At this season of academic transitions—students seeking summer internships, jobs, and experiences, and new grads heading out into the world—I have good news and bad news. Even mature adults are stuck figuring out what to do when they grew up, or at least grow older.
That is how I have become a first-time author and a grandmother at the same time. Granted, writing 100 Under $100: One Hundred Tools for Empowering Global Women did not take me 40 years; I had several careers before arriving at this juncture. But it is a great reminder that with luck and long life, one can have many work trajectories.
About a decade ago my art business had become predictable and my youngest child, Nomi (Wesleyan ’11), was leaving home. I treated this as an opportunity to let my business contract while beginning to search for Frederick Buechner’s “place where your deep gladness and the world’s deep hunger meet.” I did eventually grow a new career, though it was a slow, non-linear process.
Getting to 100 Under $100 involved a lot of serendipity. I began blogging about sustainability and socially responsible consumption; though a hobby, it turned out I was acquiring actual skills. I went on a lot of informational interviews. The main takeaway: I was too old for an entry level job and too quirky for more specialized positions.
Through networking, though, I learned about a conference on microfinance and was bowled over by Elizabeth Israel, head of GreenMicrofinance. She displayed a chart showing how much impoverished people lacking electricity pay per KwH—more than we rich country denizens do. She further explained that a solar panel provides a path out of extreme poverty. Within a few weeks I was the Communications Director of the fledgling GreenMicrofinance. My blogging? Now it was part of my dream job.
GreenMicrofinance launched in 2008; you can guess how that ended. Nomi, then a sophomore, phoned home one day, very excited, reporting that a young man in her sociology class had just arrived at Wesleyan straight from a slum in Kenya and was starting a school for girls back home. She was jumping in to help. Of course that was Kennedy Odede ’12, dreaming the Kibera School for Girls into existence. Soon the school was under construction and I volunteered to help. That’s how I wound up a [lucky!] member of the founding board of Shining Hope for Communities.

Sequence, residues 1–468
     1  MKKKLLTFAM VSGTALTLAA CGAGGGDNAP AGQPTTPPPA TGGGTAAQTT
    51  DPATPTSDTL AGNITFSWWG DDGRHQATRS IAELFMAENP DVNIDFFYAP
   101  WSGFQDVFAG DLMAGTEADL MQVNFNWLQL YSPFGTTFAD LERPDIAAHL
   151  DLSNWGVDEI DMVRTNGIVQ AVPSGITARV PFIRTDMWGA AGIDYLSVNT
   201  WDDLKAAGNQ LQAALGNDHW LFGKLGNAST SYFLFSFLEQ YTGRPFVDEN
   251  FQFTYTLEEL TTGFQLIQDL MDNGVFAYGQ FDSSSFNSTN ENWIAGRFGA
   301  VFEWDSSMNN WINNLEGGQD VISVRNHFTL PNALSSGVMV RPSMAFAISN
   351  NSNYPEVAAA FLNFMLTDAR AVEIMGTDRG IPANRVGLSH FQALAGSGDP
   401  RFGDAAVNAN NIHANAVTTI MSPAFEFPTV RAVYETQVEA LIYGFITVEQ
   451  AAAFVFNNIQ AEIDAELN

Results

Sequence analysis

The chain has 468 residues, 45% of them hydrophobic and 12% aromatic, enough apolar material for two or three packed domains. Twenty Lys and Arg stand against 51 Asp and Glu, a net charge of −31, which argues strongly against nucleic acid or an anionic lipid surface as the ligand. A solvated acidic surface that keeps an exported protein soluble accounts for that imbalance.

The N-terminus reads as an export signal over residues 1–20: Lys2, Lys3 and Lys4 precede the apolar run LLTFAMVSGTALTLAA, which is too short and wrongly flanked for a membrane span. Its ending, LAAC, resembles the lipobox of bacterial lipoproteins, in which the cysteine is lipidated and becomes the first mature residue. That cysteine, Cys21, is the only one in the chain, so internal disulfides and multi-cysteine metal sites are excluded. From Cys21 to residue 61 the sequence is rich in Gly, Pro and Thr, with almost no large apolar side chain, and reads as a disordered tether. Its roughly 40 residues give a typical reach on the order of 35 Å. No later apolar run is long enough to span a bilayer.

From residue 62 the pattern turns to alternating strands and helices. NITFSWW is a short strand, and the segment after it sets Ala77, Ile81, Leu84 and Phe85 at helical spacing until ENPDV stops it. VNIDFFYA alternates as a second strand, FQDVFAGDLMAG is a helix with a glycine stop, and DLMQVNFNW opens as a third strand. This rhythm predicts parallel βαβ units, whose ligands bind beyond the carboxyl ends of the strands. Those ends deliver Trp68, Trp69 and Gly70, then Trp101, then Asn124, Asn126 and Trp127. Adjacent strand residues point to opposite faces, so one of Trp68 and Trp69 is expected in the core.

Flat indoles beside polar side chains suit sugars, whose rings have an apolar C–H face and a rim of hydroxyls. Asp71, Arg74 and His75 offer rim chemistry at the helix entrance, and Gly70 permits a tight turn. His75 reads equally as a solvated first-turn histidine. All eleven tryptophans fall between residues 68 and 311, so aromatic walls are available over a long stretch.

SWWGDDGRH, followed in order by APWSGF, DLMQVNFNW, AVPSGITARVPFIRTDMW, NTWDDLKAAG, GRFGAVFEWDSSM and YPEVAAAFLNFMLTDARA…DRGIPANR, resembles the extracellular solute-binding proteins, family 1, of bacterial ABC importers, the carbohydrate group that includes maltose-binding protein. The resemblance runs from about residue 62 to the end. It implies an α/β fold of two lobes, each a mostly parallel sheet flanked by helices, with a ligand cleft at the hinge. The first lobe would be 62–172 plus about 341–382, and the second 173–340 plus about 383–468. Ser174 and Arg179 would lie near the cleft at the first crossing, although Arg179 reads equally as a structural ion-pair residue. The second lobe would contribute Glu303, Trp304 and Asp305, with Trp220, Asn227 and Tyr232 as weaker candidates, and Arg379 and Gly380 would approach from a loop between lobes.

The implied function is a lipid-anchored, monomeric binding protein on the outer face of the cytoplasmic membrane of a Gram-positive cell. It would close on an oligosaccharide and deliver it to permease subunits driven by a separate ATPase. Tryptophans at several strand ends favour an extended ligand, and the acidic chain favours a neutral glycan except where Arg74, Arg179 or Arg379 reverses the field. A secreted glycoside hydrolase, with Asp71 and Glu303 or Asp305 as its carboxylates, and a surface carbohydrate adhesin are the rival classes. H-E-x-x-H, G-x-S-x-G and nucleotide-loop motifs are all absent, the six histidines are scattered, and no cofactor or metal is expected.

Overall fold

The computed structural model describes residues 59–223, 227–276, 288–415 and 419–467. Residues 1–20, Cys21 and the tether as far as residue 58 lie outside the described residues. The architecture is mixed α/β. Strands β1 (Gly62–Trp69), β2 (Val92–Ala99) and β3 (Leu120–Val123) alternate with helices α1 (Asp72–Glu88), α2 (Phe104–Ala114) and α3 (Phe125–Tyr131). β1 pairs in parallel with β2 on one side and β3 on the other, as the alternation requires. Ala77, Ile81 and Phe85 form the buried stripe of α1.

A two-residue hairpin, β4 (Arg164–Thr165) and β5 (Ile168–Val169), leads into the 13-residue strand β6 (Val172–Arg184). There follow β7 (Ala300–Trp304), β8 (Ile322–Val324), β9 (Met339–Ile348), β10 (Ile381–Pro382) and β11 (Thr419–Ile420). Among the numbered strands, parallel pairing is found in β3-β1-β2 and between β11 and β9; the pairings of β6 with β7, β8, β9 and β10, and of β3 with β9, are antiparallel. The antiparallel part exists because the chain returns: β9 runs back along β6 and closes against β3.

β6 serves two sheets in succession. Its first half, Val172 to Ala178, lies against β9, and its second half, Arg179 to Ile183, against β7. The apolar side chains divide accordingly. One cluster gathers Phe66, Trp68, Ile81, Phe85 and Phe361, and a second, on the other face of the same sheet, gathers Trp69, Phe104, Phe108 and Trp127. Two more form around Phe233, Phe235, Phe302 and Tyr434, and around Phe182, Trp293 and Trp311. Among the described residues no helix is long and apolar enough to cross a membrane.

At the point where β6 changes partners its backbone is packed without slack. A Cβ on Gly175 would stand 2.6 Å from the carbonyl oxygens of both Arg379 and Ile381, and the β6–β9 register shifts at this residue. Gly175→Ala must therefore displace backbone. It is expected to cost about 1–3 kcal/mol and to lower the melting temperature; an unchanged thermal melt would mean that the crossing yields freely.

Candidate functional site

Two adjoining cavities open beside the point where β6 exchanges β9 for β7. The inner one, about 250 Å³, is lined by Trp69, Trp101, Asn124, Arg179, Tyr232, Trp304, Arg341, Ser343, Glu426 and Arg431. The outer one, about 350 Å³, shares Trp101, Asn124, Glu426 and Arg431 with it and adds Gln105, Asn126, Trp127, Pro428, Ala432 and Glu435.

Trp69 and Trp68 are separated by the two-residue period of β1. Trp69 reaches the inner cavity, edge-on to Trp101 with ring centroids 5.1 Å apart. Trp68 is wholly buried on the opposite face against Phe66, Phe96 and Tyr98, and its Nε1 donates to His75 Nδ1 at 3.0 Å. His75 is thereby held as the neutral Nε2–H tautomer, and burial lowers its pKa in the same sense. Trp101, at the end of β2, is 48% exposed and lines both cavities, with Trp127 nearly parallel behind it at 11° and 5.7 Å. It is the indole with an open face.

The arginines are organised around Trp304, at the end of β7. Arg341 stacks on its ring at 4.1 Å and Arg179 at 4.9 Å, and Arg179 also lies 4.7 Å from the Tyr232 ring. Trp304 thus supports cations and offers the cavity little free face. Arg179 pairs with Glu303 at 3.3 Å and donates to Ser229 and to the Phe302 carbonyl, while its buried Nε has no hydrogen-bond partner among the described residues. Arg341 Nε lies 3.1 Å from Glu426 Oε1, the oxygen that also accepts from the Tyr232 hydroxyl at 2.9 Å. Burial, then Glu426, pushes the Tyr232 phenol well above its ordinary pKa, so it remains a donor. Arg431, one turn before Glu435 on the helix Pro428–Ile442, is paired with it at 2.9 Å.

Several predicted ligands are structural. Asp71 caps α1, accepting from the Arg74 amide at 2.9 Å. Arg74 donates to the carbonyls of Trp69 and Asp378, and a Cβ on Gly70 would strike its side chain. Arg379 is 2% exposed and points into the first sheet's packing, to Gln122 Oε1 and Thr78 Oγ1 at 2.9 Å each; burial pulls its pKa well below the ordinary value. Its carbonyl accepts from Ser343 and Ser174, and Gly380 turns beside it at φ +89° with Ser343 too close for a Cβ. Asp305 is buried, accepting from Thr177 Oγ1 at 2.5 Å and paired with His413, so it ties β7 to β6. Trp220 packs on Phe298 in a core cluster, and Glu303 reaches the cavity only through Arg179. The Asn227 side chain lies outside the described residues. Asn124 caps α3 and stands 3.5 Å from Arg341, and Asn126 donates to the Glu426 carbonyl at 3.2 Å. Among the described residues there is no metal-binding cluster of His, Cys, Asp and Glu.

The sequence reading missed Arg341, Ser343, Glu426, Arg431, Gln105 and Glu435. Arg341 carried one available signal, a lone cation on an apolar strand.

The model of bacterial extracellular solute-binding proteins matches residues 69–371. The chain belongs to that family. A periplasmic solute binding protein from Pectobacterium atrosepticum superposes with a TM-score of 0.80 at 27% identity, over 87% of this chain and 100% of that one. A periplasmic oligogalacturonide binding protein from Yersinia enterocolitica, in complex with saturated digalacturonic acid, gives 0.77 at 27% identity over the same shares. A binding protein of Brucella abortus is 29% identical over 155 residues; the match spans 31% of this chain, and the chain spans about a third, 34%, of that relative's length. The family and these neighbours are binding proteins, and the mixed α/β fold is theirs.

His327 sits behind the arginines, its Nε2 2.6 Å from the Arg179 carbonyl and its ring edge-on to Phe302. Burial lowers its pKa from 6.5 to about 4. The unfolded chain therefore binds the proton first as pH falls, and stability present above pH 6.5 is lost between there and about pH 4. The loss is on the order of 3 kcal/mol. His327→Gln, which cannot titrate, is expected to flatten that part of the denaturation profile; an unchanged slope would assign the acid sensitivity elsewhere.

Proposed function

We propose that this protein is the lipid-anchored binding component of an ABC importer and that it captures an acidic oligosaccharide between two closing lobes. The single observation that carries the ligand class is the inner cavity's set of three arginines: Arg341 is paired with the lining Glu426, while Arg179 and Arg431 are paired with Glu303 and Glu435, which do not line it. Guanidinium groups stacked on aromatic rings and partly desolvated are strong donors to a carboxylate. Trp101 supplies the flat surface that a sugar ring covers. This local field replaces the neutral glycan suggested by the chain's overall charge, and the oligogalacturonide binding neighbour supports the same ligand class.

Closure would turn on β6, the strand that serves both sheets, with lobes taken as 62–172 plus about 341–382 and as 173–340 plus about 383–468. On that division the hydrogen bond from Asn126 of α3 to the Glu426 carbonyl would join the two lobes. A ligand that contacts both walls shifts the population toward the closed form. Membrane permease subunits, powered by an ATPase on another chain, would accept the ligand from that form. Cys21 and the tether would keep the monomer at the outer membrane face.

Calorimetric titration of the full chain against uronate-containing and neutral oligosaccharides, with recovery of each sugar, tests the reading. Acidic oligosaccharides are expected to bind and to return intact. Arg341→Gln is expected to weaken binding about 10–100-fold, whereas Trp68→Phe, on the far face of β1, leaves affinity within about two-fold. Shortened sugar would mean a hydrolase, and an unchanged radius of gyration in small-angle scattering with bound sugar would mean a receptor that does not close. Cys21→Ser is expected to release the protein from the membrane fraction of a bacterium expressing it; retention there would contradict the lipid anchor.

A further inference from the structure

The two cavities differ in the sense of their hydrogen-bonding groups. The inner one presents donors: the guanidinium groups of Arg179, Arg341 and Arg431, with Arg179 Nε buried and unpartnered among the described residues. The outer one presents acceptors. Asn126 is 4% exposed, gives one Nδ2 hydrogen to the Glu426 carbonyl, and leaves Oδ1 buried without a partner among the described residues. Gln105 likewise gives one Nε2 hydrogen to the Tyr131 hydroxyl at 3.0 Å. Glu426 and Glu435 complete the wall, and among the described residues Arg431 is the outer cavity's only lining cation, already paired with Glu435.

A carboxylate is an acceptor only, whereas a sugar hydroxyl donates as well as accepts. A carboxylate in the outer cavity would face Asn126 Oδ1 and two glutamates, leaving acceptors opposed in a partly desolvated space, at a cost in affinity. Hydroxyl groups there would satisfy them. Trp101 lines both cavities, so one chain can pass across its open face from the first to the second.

I saw very few signs of women in the humanitarian technology world, either as designers or as users; I knew that was a problem. In the women’s empowerment sector, exemplified by SHOFCO and other initiatives I learned about, I saw very little tech. This, too, posed a problem. How can girls and women be empowered without the power of the plug? I decided I could, and should, focus on this disconnect and try to contribute to bridging it.
I started searching for women in humanitarian tech and design, experimenting with a then new social media tool, Pinterest—more serendipity. Soon I’d “pinned” scores of images of women doing amazing things: designing affordable water treatment, better maternal health tool, improved fuel, even sanitary napkins. These women were actively improving the lives of women all over the world.
After a few weeks I sat back to admire these vibrant images. Blam! It hit me. I needed to write a book about these women and their work: a beautiful, hopeful, informative book that would invite people to engage in and support these initiatives. A crazy undertaking, perhaps, but I knew my deep gladness had met up with the world’s hunger.
My definition of “tool” expanded as I researched, to include public health practices, WASH (Water Sanitation and Hygiene), ICT (Info & Communication Tech), Sustainable Agriculture, Financial Inclusion, and Legal Tools. (When it’s your book, you make the rules.) The book is a comprehensive look at the sectors of development. Each entry has a icon: something YOU, the reader, could do. These were really fun to track down, varying from something as simple as buying fair trade products to challenges as huge as replicating an existing model in a different region. Spoiler alert: there are a lot of internships included in the book. The actionable items make the book extremely useful to a wide range of readers: students, idealists, classroom and informal educators, families seeking meaningful philanthropic or travel opportunities, and socially responsible consumers.
Readers will find an immense amount of information about Human Centered Design, social enterprise and entrepreneurship, and flat-out cool surprises. Who knew that urine makes great fertilizer? Or that you can make bricks out of plastic bottles filled with non-recyclable waste, a win-win? The book is oversize, with 170 gorgeous photos of women in action. One of my favorite reviews describes it as “a coffee table book for activists.”
A special shout-out to Aaron Greenberg ’11, fact checker for the book’s sustainable farming section. He was a farmer at Long Lane, back in the day!